Companies in this industry develop mine sites, mine and quarry nonmetallic minerals and provide related support services, and separate minerals from waste. Major nonmetallic mining companies include the US-based Vulcan Materials and Martin Marietta Materials, Rio Tinto (dually headquartered in Australia and the United Kingdom), DeBeers (South Africa), HeidelbergCement (Germany), and CRH (Ireland).
The world's most mined nonmetallic minerals are lime (350 million metric tons produced annually); salt (270 million metric tons); and phosphate rock (220 million metric tons). China and India have the largest nonmetallic mineral reserves in the world. Because of their strong construction markets and rising food needs, China, India, and Brazil are poised for the most growth in the industry.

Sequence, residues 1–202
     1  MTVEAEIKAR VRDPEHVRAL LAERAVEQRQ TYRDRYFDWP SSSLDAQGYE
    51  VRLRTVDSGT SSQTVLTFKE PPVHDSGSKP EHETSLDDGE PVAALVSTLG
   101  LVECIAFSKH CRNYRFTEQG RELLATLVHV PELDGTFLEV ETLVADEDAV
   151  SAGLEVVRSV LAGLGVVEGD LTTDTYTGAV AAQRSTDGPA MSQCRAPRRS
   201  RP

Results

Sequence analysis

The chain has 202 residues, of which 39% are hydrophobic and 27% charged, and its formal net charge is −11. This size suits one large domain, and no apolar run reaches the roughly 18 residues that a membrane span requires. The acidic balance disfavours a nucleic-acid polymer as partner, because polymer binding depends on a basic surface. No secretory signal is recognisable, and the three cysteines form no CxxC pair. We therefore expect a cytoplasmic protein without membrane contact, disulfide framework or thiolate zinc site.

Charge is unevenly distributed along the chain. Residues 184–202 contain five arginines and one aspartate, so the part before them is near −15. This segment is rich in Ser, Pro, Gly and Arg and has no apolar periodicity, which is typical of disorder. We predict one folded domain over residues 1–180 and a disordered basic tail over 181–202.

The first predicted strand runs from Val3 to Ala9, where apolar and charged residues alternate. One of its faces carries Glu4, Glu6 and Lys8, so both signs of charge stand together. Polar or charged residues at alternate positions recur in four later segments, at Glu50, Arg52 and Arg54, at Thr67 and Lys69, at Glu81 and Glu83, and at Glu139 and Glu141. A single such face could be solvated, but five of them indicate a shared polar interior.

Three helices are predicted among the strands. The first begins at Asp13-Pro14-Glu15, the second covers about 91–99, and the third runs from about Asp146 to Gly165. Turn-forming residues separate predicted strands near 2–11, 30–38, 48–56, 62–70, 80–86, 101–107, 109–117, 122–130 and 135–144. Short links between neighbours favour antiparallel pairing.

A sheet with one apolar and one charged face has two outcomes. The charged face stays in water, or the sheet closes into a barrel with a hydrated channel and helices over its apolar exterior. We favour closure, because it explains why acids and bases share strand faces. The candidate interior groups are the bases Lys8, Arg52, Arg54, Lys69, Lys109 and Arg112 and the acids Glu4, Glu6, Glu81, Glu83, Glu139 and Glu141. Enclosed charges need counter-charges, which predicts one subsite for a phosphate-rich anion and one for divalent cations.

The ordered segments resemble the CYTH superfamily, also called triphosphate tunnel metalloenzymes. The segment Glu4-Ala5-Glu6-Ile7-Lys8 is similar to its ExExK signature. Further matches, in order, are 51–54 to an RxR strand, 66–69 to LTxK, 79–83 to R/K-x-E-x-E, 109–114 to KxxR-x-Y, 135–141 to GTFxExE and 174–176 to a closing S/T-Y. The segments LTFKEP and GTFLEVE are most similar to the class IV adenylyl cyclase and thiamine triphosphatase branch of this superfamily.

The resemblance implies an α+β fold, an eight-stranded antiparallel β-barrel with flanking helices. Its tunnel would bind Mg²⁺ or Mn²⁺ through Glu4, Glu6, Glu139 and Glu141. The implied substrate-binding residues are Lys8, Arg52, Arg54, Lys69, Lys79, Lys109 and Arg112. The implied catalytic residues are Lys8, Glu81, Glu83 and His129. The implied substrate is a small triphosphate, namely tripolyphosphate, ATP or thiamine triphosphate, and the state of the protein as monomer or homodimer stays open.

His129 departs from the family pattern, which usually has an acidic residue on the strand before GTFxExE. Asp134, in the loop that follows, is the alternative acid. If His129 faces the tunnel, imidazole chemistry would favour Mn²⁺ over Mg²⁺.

The US nonmetallic mineral mining and quarrying industry includes about 5,000 establishments (single-location companies and units of multi-location companies) with annual revenue of about $28 billion.
Demand is driven by construction spending and spending on fertilizers. Large companies have some economies of scale in purchasing and administrative systems, and have the production volume to supply large construction projects, such as new highways. Small companies typically own just one mine and compete in a local market based on superior customer service.
Imports of nonmetallic minerals account for about 10% of the US market. Major sources of imports include Canada, Mexico, China, Chile, and Peru.
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